Kobabe’s memoir won the 2020 American Library Association Alex Award and recounts Kobabe’s exploration of gender identity and sexuality through adolescence and adulthood. According to the American Library Association, the book faced the most censorship challenges of any novel at 151.

“We’re seeing nationally the highest rate of challenges to books in libraries since the data has been collected by the American Library Association,” Nicholas Brown, acting co-chief executive officer of the library, said. “I think what happens with all of the discourse around book banning is that, oftentimes, not everyone participating in that discourse is actually taking the time to read the full works and discuss them and understand where the author might be coming from and whose stories are being reflected in these books.”

Along with the book club, the library system is hosting a Pride celebration at the Hyattsville branch on Saturday from 12 – 4 p.m. It will feature a panel discussion, vogue and runway workshops, free HIV testing and more. 

The library system will host its second annual Rainbow Festival on June 24 from 11 a.m. to 2 p.m. at the Bowie Branch Library with family-friendly events like craft stations, story time and a live DJ. In April, the library system won a Top Innovator Award from the Urban Libraries Council for its banned books campaign.

“I think a lot of folks don’t always realize that your local public library is kind of the front line of democracy and we always have been,” Brown said. “Public libraries across the country are very united on this and if the right to read continues to be under threat like it’s been, it is not a good time for the state of our democracy.”

Continue Reading

District of Columbia

Bowser: No credible threats to D.C. Pride events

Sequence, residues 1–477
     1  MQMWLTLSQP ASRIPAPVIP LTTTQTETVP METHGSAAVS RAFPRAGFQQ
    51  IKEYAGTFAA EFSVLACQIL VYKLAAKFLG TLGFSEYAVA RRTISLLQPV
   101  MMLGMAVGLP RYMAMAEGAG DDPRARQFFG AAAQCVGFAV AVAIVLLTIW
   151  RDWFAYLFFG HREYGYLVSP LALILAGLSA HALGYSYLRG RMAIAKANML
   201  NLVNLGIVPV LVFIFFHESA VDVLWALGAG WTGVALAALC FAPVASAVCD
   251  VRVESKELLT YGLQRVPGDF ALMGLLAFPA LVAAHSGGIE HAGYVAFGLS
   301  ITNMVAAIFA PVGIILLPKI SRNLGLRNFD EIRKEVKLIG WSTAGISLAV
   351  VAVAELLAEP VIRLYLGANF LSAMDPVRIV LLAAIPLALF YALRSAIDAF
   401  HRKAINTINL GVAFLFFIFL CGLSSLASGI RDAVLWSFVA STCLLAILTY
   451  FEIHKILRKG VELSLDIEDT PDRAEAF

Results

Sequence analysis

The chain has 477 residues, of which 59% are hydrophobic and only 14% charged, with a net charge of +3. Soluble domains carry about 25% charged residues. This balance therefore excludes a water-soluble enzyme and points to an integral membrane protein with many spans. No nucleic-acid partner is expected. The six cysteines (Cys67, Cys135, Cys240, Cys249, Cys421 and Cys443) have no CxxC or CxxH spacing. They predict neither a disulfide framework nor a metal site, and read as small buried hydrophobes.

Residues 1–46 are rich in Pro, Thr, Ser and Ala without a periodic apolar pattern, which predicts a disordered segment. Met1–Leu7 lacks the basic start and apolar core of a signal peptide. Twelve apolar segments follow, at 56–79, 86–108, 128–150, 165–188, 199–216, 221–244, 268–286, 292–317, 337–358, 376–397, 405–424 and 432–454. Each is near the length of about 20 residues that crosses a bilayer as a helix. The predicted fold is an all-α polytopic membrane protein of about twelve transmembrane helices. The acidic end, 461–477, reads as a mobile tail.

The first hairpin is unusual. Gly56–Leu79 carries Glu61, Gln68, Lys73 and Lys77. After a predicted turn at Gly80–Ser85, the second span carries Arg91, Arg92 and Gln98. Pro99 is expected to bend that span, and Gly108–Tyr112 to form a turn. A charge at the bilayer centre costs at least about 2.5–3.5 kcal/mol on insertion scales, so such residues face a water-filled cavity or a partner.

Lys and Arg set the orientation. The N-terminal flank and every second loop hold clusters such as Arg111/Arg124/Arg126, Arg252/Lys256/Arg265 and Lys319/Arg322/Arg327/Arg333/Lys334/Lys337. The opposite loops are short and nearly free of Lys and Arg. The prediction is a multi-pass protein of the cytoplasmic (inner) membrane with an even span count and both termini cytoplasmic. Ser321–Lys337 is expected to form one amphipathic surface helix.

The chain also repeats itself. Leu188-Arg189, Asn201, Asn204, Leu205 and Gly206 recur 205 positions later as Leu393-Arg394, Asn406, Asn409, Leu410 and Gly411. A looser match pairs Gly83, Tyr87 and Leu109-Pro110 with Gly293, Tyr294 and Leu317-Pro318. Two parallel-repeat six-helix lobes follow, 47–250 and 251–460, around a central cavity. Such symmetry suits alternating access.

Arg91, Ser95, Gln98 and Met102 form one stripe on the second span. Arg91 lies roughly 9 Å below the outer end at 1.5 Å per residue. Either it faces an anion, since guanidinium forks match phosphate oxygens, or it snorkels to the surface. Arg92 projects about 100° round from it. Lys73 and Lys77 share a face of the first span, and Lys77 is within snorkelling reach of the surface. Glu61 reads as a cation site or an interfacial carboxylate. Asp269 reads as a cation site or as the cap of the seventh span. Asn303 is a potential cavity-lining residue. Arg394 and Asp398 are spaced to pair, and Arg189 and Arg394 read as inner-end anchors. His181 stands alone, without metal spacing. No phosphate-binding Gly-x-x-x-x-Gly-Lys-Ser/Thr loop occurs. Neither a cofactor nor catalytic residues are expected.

Mayor spoke with the Blade after flag-raising ceremony at the Wilson Building



D.C. Mayor Muriel Bowser at the flag-raising of the Progress Pride flag at the Wilson Building in D.C. on June 1, 2023. (Washington Blade photo by Michael Key)

D.C. Mayor Muriel Bowser on Thursday said authorities have not received any credible threats to upcoming Pride events.

“We don’t have any to report,” she told the Washington Blade.

“MPD is constantly working with all of our agencies to make sure we have safe special events and we’re going to keep going with our planning, like we do every year,” added Bowser. “There’s always a scan for any threats to the District.”

Bowser spoke with the Blade after she joined D.C. Council Chair Phil Mendelson, Council members Anita Bonds, Charles Allen, Kenyon McDuffie and Zachary Parker, D.C. Attorney General Brian Schwalb, D.C. Mayor’s LGBTQ Affairs Office Director Japer Bowles and other officials and activists in raising the Progress Pride flag in front of the Wilson Building.

The Blade last month reported D.C. police are investigating a bomb threat a Twitter user made against the annual District Pride concert that will take place at the Lincoln Theater on June 29. Bowles in a May 19 statement said his office reported the tweet, but further stressed that “no credible threat at this time has been made.”

Continue Reading


Moore issues Pride month proclamation

Governor on May 3 signed Trans Health Equity Act



Maryland Gov. Wes Moore (Public domain photo/Twitter)

Maryland Gov. Wes Moore on Thursday proclaimed June as Pride month in recognition of  “the contributions, resilience, courage and joy of LGBTQIA+ Marylanders,” according to a press release.

“In Maryland, we lead with love and inclusion. I want everyone in our LGBTQIA+ community to know that they deserve to be seen for who they are, and our administration will stand with them in the fight for equality and equity,” Moore said. “We need to elevate the stories, embrace the courage, and celebrate the humanity of our LGBTQIA+ community — and as long as I am governor, we will take the steps forward to protect and celebrate all Marylanders.”

Moore on March 31 became the first governor in Maryland history to recognize the Transgender Day of Visibility and last month he signed into law the Trans Health Equity Act into law, which requires Maryland Medicaid to provide coverage for gender-affirming care beginning next year.

“This month is a celebration of the beauty and uniqueness of the queer community, but it’s also a time to reaffirm our commitment to uplifting LGBTQIA+ Marylanders and continuing to fight against hatred, discrimination, and bigotry,” Lt. Gov. Aruna Miller said in the same press release that Moore’s office released. “LGBTQIA+ Marylanders deserve to be who they are, to live their pride — without fear or having to hide. This administration will always stand alongside and protect the rights of all Marylanders.”

Continue Reading

Sign Up for Weekly E-Blast

Follow Us @washblade